"I've written to the Medical Director of the Trust who supports my request, and it's been passed to the Primary Care Trust."

Key development

The news that Alison's specialist is prepared to take clinical responsibility for giving her the drug is crucial.

Health Secretary Patricia Hewitt has pointed out that clinicians are able to take that decision to get Herceptin for their patients ahead of licensing.

What this really needs is a national initiative to pay for it
Dr Murray Brunt

But Dr Brunt feels that is a disingenuous observation, because he still has to go to the PCT pot to fund it.

He said: "It is frustrating, not so much locally from the PCT part, but as a country.

"There are, I think, about 30 countries now that have gone ahead to give this drug - they are all in the same situation - it hasn't yet got a license and yet they've looked at the data and they've said 'we will put specific money, hypothecated funds, into this'.

"That's really what I'd like us to do in the UK. The burden is being put on the PCT's who haven't been given a budget specifically for it, but what this really needs is a national initiative to pay for it."

Fingers crossed

Outside Dr Brunt's office I ask Alison if she's pleased to hear her case has been recommended for funding.

If I get cancer again, I am going to cost the NHS a heck of a lot of money anyway, so they should take the long-term view
Alison Poole

"Well, I won't hold my breath! Dr Brunt says he's written five letters for women so far, and is writing requests for another four.

"Some of them are in our group and have already had letters saying 'no'.

"I've had to go ahead and raid my savings and pension fund to get Herceptin privately for now - I'm hoping to start it next month, because it's clear I haven't got time to wait.

"But I just don't see why I should have to use that money to stay alive.

"If I get cancer again, I am going to cost the NHS a heck of a lot of money anyway, so they should take the long-term view."

We request a meeting with North Stoke Primary Care Trust.

The ultimate irony is that they employ Alison, who is an elderly care nurse.

Case considered

The Director of Corporate Affairs tells me: "We are shortly going to be considering Alison's case.

"A meeting with her now is not something we can consider. We find these meetings can be too upsetting for the patients."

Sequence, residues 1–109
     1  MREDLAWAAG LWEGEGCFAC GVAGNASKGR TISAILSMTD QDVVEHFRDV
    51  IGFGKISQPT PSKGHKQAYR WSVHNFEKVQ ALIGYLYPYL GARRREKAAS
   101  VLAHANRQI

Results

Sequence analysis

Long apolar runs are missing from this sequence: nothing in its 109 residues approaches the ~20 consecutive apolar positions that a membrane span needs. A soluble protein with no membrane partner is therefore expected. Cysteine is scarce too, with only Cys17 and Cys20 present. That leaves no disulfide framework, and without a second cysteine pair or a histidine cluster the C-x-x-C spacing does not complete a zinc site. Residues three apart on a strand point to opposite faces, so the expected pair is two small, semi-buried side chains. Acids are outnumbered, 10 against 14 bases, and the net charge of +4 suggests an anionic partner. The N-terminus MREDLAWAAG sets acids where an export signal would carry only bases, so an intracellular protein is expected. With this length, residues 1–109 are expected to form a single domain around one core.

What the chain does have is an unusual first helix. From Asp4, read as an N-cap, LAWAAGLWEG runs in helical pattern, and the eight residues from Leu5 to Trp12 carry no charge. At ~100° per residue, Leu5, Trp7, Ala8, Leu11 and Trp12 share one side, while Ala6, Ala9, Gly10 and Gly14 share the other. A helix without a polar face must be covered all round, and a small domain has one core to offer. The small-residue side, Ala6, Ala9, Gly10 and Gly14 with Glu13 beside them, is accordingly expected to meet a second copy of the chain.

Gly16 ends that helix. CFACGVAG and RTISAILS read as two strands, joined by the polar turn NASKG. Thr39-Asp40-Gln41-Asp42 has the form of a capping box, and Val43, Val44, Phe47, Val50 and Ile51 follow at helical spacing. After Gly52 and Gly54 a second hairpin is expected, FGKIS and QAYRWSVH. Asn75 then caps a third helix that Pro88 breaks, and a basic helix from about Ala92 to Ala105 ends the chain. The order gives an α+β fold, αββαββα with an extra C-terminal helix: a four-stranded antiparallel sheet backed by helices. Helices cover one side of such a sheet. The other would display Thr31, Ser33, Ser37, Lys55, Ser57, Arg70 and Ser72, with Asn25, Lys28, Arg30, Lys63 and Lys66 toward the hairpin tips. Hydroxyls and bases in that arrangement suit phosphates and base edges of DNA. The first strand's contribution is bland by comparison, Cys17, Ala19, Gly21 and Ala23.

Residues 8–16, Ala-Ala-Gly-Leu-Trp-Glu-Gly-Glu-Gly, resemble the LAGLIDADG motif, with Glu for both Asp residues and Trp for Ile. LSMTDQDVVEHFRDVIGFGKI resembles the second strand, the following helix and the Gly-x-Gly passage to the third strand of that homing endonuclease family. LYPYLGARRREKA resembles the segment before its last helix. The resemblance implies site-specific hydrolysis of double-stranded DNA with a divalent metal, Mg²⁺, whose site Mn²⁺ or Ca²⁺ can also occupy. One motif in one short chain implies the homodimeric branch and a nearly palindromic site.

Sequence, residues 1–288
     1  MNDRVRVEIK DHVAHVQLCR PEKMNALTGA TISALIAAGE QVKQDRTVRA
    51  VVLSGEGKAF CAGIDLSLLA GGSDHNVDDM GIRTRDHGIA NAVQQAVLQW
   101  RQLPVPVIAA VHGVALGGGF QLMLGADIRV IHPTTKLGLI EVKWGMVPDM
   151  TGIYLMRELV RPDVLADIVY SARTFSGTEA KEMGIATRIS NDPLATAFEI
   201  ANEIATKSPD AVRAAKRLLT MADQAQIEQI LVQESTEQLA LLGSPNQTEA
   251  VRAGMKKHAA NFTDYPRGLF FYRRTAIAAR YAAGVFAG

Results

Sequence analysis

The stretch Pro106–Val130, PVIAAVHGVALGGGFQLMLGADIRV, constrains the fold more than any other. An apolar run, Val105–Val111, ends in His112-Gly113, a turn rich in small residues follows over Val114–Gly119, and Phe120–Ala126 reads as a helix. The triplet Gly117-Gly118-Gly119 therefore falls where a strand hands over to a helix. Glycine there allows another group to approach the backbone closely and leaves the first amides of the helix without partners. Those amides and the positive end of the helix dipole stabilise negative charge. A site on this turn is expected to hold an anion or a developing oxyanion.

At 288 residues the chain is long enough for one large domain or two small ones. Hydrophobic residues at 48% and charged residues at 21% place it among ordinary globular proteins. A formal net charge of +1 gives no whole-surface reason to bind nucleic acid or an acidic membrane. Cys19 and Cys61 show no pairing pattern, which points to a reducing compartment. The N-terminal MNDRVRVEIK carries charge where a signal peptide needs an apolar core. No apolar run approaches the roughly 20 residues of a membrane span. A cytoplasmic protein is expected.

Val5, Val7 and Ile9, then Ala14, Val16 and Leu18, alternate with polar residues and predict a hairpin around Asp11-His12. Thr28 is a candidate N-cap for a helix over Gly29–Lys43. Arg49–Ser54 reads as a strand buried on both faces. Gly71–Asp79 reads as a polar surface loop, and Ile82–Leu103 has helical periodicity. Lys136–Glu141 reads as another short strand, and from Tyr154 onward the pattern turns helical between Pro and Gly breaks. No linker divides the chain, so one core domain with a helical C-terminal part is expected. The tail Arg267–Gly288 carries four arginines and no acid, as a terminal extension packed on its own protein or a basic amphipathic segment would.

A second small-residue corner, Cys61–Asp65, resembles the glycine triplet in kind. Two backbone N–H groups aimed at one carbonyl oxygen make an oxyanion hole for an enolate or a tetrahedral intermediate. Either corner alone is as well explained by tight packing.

Alison is not impressed: "We feel as though we're on a merry-go-round. Everybody is blaming everybody else.

"We want people to tell the truth for a change. We want them to tell us the facts as it is.

"If they could be courageous and just say it is a lack of funding then we'll know where to go to and ask the right questions."

Because North Stoke PCT felt unable to meet with Alison, we took her to London to speak with Gill Morgan, chief executive of the NHS Confederation, which represents NHS Trusts.

The chief executive Gill Morgan tells Alison she could not discuss her individual case.

But she said that if PCTs gave unlicensed drugs to patients, they would be left in a difficult legal position.

Postcode lottery

"Once it is licensed you'll be in a much stronger position. A good PCT will be forward planning now how much money they need to put aside to pay for these drugs once NICE has evaluated them.

"This is a tragedy and a terrible situation for you, and I understand what your frustrations and fears are, but we have this system to give assurances for patients."

It's not an argument Alison can stomach: "That argument is already lost, because we know that the NHS are funding it down south for some women.

"You can't have one rule for some and not for all the rest. I am prepared to sign a waiver, I have the backing of my oncologist, what more do they need?

"I feel like I've been resigned to the scrapheap, because I live in North Stafforshire."

On Wednesday: Alison speaks to the drug company which has developed Herceptin.




SEE ALSO
Cancer drug testing 'shortfall'
05 Oct 05 |  Health
Nurse wins breast cancer drug row
03 Oct 05 |  Somerset